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Brewer wants greater emphasis on early childhood reading instruction

In an effort to promote better early childhood reading instruction, Gov. Jan Brewer wants to make it easier for those not formally trained in education to be able to enter classrooms as teachers.

In an effort to promote better early childhood reading instruction, Gov. Jan Brewer wants to make it easier for those not formally trained in education to be able to enter classrooms as teachers.

PHOENIX -- Third graders who can't read at the expected level for children their age should not be promoted to fourth grade, Gov. Jan Brewer said Monday.

And she wants to make it easier for those not formally trained in education to be able to enter classrooms as teachers.

Brewer, in her State of the State speech, said nothing in current law ensures that students have the basic reading skills they need to go on in school.

"Yet we continue to promote them to more advanced classes, knowing that at every stop we dim the light of their promise,' the governor said.

Rep. Rich Crandall, R-Mesa, who chairs the House Education Committee, said Brewer is on the right track. But Crandall said the program needs to be structured so that it doesn't actually result in a lot of kids being held back.

The key, he said, is working with the youngsters much earlier.

"We know by end of first grade who's not on track to be reading by third,' Crandall said. "But we don't have any prescribed intervention.'

Brewer in her speech said she's willing to work with Crandall and Sen. John Huppenthal, R-Chandler, his Senate counterpart, to come up with a plan.

What Crandall has in mind is testing students in second grade to see how well they are reading. Those who are not keeping up would have to attend some sort of summer school or extra program to help them catch up before going on to third grade.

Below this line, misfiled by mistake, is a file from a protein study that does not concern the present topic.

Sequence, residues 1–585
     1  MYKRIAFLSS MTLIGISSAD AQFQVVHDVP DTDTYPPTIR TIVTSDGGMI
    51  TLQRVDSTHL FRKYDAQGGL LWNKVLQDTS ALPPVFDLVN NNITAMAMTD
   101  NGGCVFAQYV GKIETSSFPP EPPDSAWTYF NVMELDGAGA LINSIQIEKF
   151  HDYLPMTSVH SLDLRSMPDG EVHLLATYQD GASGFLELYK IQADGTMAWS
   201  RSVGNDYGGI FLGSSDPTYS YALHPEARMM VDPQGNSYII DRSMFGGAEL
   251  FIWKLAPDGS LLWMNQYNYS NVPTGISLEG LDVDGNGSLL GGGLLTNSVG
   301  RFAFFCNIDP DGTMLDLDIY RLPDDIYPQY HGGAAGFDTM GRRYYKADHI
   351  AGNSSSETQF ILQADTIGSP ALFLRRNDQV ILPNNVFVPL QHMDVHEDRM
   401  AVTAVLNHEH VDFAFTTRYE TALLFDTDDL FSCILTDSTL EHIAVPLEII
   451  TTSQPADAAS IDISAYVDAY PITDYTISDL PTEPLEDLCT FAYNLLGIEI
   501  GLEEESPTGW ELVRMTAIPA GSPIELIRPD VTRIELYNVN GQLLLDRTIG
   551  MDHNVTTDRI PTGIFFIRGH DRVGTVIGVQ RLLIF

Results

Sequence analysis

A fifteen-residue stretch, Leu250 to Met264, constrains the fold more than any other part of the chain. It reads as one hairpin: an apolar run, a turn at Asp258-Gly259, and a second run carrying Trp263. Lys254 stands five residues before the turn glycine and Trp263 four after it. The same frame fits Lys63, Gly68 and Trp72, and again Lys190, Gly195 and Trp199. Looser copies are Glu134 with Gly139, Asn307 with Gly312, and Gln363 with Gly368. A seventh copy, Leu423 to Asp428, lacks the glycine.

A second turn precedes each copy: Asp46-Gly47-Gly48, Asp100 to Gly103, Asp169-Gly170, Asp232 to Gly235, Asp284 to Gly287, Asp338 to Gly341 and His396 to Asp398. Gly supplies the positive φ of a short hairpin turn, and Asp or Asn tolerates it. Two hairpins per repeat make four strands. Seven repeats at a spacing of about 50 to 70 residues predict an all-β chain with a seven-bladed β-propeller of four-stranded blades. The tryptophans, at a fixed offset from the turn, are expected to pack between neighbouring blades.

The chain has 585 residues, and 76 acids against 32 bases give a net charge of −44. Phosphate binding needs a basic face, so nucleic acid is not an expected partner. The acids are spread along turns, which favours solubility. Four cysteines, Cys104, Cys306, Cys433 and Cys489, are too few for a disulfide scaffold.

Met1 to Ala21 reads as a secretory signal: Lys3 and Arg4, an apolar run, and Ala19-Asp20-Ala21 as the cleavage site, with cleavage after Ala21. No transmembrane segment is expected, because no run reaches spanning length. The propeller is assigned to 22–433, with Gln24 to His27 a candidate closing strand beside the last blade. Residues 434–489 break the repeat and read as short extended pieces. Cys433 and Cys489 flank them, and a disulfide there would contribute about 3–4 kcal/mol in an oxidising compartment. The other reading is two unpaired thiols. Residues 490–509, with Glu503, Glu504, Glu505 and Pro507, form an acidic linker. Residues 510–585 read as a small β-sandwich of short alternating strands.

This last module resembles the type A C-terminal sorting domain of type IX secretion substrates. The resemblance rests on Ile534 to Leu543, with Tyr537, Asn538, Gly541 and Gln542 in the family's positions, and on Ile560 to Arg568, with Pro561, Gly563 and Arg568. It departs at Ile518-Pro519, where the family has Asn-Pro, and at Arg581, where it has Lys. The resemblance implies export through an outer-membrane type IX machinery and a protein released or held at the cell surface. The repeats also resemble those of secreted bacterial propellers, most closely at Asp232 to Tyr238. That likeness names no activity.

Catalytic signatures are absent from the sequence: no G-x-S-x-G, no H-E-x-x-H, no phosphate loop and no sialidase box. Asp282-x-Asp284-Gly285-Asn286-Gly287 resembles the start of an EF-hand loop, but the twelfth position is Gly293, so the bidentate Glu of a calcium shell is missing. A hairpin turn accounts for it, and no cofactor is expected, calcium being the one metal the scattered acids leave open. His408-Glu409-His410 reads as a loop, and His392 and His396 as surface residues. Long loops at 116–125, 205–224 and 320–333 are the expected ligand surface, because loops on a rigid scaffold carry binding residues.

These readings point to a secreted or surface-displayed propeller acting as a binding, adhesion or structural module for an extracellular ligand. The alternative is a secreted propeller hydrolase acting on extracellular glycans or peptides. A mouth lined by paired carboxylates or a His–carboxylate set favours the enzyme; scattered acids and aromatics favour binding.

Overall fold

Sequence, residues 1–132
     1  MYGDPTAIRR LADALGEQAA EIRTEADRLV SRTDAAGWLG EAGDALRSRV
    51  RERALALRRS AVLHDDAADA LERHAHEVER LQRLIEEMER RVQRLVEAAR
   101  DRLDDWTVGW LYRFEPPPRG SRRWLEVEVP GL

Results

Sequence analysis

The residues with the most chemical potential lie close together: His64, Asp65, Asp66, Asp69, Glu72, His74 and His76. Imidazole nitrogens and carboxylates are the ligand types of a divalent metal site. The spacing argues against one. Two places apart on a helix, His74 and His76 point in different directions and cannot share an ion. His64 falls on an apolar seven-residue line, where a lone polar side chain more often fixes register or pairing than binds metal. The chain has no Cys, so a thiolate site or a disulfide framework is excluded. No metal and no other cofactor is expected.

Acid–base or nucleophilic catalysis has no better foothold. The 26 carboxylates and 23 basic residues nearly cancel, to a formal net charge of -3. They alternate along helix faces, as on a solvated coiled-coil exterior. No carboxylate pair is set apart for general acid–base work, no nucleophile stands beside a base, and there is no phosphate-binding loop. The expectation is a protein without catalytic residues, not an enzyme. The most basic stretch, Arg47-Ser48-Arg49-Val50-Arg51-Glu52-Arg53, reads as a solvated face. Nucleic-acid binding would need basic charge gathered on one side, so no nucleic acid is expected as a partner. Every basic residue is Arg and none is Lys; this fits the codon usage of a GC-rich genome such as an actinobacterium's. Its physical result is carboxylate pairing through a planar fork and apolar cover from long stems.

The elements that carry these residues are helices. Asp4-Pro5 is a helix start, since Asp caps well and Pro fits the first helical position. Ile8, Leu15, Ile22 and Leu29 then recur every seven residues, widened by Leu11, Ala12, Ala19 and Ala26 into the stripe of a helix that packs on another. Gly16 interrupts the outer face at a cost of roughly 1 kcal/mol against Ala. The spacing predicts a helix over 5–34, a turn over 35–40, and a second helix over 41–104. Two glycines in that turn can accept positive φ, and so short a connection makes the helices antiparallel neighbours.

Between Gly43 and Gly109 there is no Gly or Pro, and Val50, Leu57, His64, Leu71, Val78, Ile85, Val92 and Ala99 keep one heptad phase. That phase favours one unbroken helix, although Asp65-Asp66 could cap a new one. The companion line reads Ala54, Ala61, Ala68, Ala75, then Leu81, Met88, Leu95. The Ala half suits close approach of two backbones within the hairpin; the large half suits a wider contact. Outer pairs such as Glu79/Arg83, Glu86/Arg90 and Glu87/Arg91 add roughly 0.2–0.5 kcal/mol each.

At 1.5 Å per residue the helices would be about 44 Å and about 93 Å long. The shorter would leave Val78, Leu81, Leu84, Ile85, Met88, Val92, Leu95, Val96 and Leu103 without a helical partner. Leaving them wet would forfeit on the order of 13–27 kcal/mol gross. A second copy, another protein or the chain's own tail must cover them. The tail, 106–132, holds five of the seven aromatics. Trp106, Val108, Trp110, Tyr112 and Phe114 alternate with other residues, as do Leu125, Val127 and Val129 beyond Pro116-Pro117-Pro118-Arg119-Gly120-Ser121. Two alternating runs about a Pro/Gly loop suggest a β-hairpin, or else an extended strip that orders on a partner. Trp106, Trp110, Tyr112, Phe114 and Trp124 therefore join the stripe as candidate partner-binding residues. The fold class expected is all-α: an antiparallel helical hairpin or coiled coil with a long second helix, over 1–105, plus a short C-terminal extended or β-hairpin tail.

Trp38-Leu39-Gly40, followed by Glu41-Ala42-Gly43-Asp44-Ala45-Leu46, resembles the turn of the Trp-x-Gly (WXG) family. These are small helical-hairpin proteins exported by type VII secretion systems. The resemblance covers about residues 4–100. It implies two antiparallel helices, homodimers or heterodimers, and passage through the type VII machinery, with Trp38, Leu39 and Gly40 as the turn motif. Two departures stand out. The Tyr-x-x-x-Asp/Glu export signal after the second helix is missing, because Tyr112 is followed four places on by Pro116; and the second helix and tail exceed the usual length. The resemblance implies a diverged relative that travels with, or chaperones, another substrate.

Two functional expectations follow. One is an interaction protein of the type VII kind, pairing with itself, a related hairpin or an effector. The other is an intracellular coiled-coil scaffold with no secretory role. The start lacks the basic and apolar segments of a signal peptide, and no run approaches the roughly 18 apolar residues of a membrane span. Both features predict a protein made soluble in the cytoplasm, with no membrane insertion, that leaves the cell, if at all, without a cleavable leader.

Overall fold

The same process would take place in third grade, Crandall said, with students who do not pass reading tests at the end of that grade sent to special programs. Only if they fail the reading test at that point, he said, would they be held back.

Crandall's plan faces one key hurdle: lack of cash. But Crandall said that can be solved by voters.

He specifically has his eyes on an 80-cent-a-pack increase in tobacco taxes approved by voters in 2006 to pay for early childhood development programs. The problem, said Crandall, is that ballot measure covers only youngsters through age 5, with no emphasis on literacy.

His plan to expand how the money can be spent, though, would require voters to approve changing the focus of that plan.

Brewer's proposal to let more people teach is based on her argument that Arizona needs to expand the pool of teachers.

"Isn't it astonishing that in Arizona today, Bill Gates and (former Intel board Chairman) Craig Barrett would not be considered qualified to teach students about computer science?' the governor said. "We must stop our gate-keeping and open the doors to all qualified and skilled citizens who want to teach our children.'

What is required is some pre-service training and, within two years, completion of a program to provide an alternate path to certification.

Brewer did not spell out what more she wants done -- or what regulations she wants repealed -- to further loosen the requirements.

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